Havana remained under British occupation until February 1763, when it was returned to Spain under the 1763 Treaty of Paris that formally ended the war.

1762 Sep 15

Battle of Signal Hill

St. John's, Newfoundland and L

Battle of Signal Hill
Battle of Signal Hill

Most of the fighting ended in America in 1760, although it continued in Europe between France and Britain. The notable exception was the French seizure of St. John's, Newfoundland. General Amherst heard of this surprise action and immediately dispatched troops under his nephew William Amherst, who regained control of Newfoundland after the Battle of Signal Hill in September 1762.

The Battle of Signal Hill was fought on September 15, 1762, and was the last battle of the North American theatre of the Seven Years' War. A British force under Lieutenant Colonel William Amherst recaptured St. John's, which the French had seized earlier that year in a surprise attack.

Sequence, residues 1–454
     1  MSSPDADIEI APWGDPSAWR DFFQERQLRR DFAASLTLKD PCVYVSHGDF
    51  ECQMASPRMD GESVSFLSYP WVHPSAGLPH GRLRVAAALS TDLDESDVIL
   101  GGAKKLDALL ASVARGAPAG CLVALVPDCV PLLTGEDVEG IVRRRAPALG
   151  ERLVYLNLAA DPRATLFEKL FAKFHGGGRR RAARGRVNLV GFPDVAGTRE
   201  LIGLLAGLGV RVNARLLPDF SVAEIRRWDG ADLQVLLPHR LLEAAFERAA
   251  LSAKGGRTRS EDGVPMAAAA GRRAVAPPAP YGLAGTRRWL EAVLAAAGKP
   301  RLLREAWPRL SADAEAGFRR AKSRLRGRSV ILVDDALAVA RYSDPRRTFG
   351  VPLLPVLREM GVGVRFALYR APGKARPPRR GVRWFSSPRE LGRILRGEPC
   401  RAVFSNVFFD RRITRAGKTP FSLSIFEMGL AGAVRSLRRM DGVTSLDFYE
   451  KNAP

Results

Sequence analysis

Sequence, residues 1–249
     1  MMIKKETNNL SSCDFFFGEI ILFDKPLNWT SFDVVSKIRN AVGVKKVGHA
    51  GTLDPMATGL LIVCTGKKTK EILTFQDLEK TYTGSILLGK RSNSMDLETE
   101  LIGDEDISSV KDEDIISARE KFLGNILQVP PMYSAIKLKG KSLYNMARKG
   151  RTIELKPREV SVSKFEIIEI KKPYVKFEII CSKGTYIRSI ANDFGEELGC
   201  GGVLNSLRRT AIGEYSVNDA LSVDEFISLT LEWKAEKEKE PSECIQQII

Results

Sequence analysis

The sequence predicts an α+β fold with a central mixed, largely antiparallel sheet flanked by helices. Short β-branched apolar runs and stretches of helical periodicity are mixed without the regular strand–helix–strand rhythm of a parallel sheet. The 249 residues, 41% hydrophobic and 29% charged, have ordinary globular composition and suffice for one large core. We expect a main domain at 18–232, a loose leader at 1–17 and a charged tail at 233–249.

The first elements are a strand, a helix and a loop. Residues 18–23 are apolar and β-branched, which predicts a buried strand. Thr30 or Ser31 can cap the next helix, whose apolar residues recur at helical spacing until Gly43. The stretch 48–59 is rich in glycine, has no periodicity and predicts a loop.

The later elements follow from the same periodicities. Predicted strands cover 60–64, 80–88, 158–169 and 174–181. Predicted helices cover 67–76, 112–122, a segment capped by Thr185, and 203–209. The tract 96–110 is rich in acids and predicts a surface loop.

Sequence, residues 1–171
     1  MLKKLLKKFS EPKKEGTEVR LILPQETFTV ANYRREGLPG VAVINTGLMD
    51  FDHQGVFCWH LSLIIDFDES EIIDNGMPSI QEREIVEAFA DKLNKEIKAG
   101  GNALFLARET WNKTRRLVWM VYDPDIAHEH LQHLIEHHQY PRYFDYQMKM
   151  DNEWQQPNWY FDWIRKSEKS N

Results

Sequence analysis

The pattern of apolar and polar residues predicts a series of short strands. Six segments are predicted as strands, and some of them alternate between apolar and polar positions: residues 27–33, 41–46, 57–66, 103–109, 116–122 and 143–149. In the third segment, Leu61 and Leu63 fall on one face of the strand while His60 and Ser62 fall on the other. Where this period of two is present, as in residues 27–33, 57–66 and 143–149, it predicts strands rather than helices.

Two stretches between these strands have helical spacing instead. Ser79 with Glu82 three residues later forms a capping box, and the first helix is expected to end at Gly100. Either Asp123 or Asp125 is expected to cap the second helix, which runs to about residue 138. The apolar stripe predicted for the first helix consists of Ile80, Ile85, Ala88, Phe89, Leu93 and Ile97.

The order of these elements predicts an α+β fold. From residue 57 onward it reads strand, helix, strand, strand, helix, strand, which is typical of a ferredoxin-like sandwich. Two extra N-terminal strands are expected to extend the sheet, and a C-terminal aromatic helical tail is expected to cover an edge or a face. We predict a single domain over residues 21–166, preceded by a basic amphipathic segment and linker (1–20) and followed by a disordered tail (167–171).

1764 Jan 1


Quebec City, Canada


The Treaty of Paris, also known as the Treaty of 1763, was signed on 10 February 1763 by the kingdoms of Great Britain, France and Spain, with Portugal in agreement, after Great Britain and Prussia's victory over France and Spain during the Seven Years' War. The signing of the treaty formally ended conflict between France and Great Britain over control of North America (the Seven Years' War, known as the French and Indian War in the United States), and marked the beginning of an era of British dominance outside Europe. Great Britain and France each returned much of the territory that they had captured during the war, but Great Britain gained much of France's possessions in North America.